1203: The BBC's Norman Smith

    tweets: Chancellor says country wd have been "all but ungovernable" if Govt had not warned of the austerity ahead #Cpc12

    George Osborne George Osborne says David Cameron is leading a "silent revolution"

    George Osborne says Labour leader Ed Miliband needs to do more than just repeat the words "one nation over and over again". He says Mr Miliband is trying to appeal to the centre ground but he is really "moving to the left".


    The chancellor describes David Cameron as "an outstanding prime minister of judgement and integrity" to much applause from the hall.

    1208: Tom Bradby, political editor ITV News

    tweets: George Osborne is certainly taking no prisoners in this speech.


    The chancellor hails "the most radical and reforming period of government" for a generation. It may have been necessary to go into coalition, he says, but the Conservatives "would rather confront the challenges and dilemmas of government than bask in the irrelevance of opposition".


    Chancellor George Osborne says that the deficit is higher today than it was "when a British government went begging to the IMF in the 1970s" but, because of the government's actions, he can go to the IMF representing a country "that is part of the solution not part of the problem".


    George Osborne says he is "cutting the size of government faster than anyone in modern times". Public spending would, he said, reduce from nearly 50% of national income to around 40% over five years.


    George Osborne pours cold water on Liberal Democrat proposals as he rules out "a new tax on people's homes". It might be labelled a "mansion tax" he says, "but once the taxman has his foot in the door" more and more homes could be designated as mansions.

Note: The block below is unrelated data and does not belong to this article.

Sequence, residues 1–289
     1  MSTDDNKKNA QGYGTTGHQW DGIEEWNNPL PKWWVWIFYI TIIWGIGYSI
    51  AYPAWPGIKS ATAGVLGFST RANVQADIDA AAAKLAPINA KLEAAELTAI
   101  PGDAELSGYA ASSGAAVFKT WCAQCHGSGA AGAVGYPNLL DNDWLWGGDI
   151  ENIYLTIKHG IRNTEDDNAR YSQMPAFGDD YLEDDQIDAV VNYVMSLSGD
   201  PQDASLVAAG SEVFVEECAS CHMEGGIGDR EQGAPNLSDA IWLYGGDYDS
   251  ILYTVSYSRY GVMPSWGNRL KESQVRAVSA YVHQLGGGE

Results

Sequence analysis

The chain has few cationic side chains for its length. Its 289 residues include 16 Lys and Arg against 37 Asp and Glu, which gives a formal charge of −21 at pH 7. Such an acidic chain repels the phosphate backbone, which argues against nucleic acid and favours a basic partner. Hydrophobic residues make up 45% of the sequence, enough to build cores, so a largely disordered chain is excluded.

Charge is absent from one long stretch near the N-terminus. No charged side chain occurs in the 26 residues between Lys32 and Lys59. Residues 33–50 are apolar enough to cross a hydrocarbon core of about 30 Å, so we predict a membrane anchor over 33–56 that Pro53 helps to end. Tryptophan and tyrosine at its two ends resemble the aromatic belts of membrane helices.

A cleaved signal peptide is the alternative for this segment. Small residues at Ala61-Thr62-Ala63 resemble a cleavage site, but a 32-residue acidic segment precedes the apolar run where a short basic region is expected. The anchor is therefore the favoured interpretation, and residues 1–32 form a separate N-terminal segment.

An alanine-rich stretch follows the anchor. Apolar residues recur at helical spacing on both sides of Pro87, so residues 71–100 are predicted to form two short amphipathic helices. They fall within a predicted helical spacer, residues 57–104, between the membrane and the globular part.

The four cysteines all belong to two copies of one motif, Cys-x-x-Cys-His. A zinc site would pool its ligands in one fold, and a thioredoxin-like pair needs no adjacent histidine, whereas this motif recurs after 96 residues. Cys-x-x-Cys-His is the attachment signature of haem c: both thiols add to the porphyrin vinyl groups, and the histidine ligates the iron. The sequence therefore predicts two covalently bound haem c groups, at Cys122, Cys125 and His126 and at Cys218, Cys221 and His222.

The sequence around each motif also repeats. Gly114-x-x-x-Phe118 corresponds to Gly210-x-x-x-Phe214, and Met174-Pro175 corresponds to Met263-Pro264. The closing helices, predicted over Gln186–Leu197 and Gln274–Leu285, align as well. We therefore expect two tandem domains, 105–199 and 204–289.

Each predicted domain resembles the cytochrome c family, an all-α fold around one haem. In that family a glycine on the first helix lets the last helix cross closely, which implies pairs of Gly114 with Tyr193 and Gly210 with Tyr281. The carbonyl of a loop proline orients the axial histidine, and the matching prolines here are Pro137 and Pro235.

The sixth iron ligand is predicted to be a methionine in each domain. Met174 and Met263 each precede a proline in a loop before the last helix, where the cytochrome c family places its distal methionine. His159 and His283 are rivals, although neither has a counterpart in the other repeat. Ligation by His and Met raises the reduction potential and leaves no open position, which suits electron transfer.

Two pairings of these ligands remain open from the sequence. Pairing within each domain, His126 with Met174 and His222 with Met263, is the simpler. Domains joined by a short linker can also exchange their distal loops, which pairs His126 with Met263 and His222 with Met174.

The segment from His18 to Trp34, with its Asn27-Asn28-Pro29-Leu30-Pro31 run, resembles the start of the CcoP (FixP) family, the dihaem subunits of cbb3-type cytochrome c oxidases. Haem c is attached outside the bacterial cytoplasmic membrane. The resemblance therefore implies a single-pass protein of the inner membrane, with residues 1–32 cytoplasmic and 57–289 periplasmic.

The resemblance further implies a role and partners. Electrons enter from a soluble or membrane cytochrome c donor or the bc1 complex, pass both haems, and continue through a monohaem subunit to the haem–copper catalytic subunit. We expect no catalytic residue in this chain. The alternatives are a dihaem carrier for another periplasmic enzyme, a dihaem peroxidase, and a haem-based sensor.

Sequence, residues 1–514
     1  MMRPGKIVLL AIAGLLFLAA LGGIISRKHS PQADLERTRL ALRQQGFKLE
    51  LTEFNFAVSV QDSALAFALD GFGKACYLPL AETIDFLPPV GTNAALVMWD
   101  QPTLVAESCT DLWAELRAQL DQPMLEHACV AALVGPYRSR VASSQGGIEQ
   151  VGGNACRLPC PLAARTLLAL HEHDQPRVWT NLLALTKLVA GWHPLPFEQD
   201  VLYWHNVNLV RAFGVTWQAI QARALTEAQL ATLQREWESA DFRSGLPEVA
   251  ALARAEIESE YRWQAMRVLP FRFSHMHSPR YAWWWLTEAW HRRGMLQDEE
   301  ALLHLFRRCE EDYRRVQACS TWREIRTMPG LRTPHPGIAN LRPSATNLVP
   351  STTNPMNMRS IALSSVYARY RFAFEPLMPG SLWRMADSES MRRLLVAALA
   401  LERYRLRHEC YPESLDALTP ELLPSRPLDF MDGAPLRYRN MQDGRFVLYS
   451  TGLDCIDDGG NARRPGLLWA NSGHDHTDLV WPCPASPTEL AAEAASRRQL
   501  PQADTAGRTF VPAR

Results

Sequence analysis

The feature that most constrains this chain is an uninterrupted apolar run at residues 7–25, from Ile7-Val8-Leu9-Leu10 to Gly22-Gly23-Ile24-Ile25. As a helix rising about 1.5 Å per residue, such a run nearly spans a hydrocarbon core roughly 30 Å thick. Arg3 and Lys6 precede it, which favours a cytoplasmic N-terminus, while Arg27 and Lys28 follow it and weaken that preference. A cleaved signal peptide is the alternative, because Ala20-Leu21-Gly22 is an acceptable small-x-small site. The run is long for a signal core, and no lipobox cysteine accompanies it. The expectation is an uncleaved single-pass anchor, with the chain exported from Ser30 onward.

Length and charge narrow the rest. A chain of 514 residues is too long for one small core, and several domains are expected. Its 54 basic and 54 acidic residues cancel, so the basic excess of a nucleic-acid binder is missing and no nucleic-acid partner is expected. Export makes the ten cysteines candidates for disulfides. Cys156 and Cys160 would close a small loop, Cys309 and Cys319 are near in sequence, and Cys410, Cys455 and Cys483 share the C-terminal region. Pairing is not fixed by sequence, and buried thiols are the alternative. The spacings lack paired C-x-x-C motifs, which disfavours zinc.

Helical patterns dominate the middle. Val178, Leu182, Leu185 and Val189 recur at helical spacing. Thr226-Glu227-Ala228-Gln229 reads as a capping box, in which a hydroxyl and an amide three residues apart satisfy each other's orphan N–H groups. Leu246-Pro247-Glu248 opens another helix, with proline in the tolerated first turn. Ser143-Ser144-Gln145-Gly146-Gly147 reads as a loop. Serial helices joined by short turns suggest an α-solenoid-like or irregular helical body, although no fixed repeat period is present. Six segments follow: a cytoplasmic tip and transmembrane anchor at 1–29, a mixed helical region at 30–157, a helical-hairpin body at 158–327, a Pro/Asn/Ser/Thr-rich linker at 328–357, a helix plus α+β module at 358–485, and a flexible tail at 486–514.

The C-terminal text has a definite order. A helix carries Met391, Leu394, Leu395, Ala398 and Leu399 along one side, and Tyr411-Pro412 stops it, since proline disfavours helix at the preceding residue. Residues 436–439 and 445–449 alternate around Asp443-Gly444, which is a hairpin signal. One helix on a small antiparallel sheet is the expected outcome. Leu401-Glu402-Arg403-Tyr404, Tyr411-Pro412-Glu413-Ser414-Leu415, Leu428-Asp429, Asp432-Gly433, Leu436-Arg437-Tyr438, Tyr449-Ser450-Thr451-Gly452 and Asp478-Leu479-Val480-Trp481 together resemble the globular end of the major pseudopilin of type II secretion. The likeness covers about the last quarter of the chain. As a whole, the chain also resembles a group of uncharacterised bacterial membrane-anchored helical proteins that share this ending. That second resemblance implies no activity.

1217: The BBC's Hugh Pym

    tweets: Chancellor says problem not that working people pay too little tax, but govt spends too much of their money


    The chancellor reaffirms his belief that 80% of deficit reduction should come from reduced public spending, yet insists that public services have improved at the same time. "We are destroying the left-wing myth that the success of a public service could be judged by how many pounds are spent on it," he says.

    1220: The BBC's Norman Smith

    tweets: Osborne says party of home ownership will have no truck with a mansion tax cpc12


    George Osborne says the government cannot end up in a position of having to make cuts in areas such as schools "because it couldn't summon the political will to tackle welfare".


    On international development, Chancellor George Osborne argues that "free enterprise is lifting more people out of poverty than all the government aid programmes put together".

    1224: The BBC's Norman Smith

    tweets: Osborne says western economies being outworked and outsmarted by developing nations. Sink or swim time for the west #cpc12


    George Osborne announces a "radical change in employment law" and thanks venture capitalist Adrian Beecroft who advised the government, to slightly hesitant applause. The chancellor announces "a voluntary, three-way deal" in which employees can take a share in a business in return for giving up some protections such as unfair dismissal rights. The government would ensure no capital gains tax on the "new employee-owners". The chancellor proclaims: "Workers of the world unite!"

    1227: The Independent's John Rentoul

    tweets: Osborne must have left it to Cameron to announce the new taxes on the rich.

    1228: Stuart Fox, Nottingham

    emails: It seems a little odd to here Mr Osborne tell us "we're all in this together" once again while preparing to announce another wave of welfare cuts. It looks like the poorest in our society are going to pay the price for the government's failure to keep their promise and balance the books.


    George Osborne says that "it isn't too much to say" that the future of the UK economy, even the future of Europe, is in question like never before. "When we make the hard decisions we do not make them alone because we have the British people at our side. Together we can deliver," he says as the audience rises to its feet to applaud.